Champions of Change

Image not found

Champions of Change

By Anthony O’Brien

Our leadership community is privileged to have two leaders who exemplify excellence and integrity and who encourage the highest ethical standards: noted humanitarian Professor Shirley Randell AO FIML and Dr Donna Odegaard AM, CEO of Aboriginal Broadcasting Australia. They share some inspiring leadership insights with Leadership Matters.

Dr Donna Odegaard AMTHEIR LONG ROADS TO LEADERSHIP

A long-time public servant including stints in the Department of the Prime Minister and the Public Service Commission, Randell was one of Australia’s 100 Inaugural Women of Influence in 2012. She is also a big supporter of International Women’s Day, which is fast approaching on 8 March. Prior to her public service, Randell taught Aboriginal children in remote schools in Western Australia before moving to Papua New Guinea to lecture at teachers’ colleges operated by the Uniting Church.

After her first retirement, Randell owned and operated consultancy businesses in Sydney, Rwanda, and Vanuatu. She also worked in a consulting role in Bangladesh in 2004–5 and 2014–15.

Darwin-based Odegaard is the founder and CEO of Darwin-based Aboriginal Broadcasting Australia, which is seeking to establish free-to-air television operations in every capital city. Currently, her unique television licences are regulated to broadcast nationally. As a result, the busy Odegaard is collecting frequent flyer miles taking her vision for her businesses to boardrooms across Australia.

It’s an impressive result for Odegaard who started her business career selling handmade clothes to support her family. She is recognised as one of Darwin’s most respected businesswomen and has strong views on what it takes to be a leader and manager today. Odegaard also has robust opinions about how business leadership has changed for women since the 1970s. She explains, “I’ve seen some massive changes in the past 30 years for women leaders, especially Indigenous women. We were breaking some ground in the 1970s but mostly in the areas of activism, politics, education and the arts.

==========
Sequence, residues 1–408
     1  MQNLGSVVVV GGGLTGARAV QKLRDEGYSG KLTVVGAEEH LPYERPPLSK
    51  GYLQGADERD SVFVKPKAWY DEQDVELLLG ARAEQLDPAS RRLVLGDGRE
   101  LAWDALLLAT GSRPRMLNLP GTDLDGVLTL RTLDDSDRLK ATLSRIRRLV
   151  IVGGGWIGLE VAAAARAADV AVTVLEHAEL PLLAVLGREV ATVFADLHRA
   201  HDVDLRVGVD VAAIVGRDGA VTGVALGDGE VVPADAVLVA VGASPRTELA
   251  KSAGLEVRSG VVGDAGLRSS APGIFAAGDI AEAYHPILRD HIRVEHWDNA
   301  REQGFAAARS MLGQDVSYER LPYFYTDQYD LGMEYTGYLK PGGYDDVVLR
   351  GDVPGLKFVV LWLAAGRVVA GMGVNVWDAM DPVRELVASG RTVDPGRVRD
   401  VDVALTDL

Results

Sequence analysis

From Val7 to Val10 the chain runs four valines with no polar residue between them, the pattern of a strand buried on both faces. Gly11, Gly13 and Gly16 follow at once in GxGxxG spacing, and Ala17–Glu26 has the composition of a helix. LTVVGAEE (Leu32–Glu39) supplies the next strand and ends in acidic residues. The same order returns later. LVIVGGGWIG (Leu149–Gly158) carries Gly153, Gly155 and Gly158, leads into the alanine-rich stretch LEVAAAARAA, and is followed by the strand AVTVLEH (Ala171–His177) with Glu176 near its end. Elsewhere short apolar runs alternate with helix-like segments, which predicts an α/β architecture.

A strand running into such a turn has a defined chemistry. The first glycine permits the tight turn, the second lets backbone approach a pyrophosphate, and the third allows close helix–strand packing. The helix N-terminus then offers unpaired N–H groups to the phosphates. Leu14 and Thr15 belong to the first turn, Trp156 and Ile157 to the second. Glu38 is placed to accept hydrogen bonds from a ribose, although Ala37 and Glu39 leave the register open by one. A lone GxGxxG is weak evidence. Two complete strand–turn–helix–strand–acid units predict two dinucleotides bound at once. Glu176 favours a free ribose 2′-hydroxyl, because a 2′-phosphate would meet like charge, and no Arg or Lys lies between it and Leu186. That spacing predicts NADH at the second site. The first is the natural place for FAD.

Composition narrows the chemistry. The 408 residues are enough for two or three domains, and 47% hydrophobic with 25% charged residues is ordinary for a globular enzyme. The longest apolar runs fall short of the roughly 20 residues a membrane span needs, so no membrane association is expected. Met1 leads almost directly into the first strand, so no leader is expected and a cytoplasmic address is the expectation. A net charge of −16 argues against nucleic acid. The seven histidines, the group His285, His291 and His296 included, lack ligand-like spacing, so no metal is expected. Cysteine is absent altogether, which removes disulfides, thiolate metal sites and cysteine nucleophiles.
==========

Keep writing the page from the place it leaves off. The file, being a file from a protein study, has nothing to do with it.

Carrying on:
“Today, young women are trailblazing in areas such as business, economics or they are entrepreneurial and are looking at global markets.”

Professor Shirley Randell AOWOMEN HAVE COME A LONG WAY

There were very few women in leadership roles when Randell joined the Commonwealth workforce in the mid-1960s. “I’m pleased to see that we now have many more women leaders,” says Randell who cites former Victorian Premier Joan Kirner and philosopher Jean Blackburn as inspirational female leaders.

“There’s more individual support for women today from other women, and we have more men who are fighting for women’s rights. In regard to whether we are better off, of course, we are.”

However, there is no reason for complacency, counselled Randell, “because, in reality, for example, we’re still a tiny percentage of engineers, surgeons, and parliamentarians in the Liberal/National party coalition.”

Odegaard, who earned her PhD from NSW’s University of Newcastle, agrees and even as recently as the early 2000s discovered there were still gender roadblocks for female entrepreneurs. “I very carefully ventured into the media and had a lot of pushback from males in the industry. But I just kept quietly chipping away to try and get more of a voice not just for women but for Indigenous people.”

Randell warns that when female leaders earn some successes, there can be a backlash. “When countries, for example, are taken over by fundamentalism, which we are now seeing, women’s rights are one of the first things to go.”

MEN’S VIEWS ARE CHANGING TOO